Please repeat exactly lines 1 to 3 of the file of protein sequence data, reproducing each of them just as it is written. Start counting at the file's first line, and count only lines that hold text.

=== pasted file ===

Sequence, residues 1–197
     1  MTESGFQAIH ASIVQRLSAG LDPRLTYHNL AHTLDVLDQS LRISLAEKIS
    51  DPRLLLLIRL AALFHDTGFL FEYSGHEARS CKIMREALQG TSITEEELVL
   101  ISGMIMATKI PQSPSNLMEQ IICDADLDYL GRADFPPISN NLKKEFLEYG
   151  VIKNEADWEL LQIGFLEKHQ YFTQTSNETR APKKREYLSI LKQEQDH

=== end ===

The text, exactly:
Sequence, residues 1–197
     1  MTESGFQAIH ASIVQRLSAG LDPRLTYHNL AHTLDVLDQS LRISLAEKIS
    51  DPRLLLLIRL AALFHDTGFL FEYSGHEARS CKIMREALQG TSITEEELVL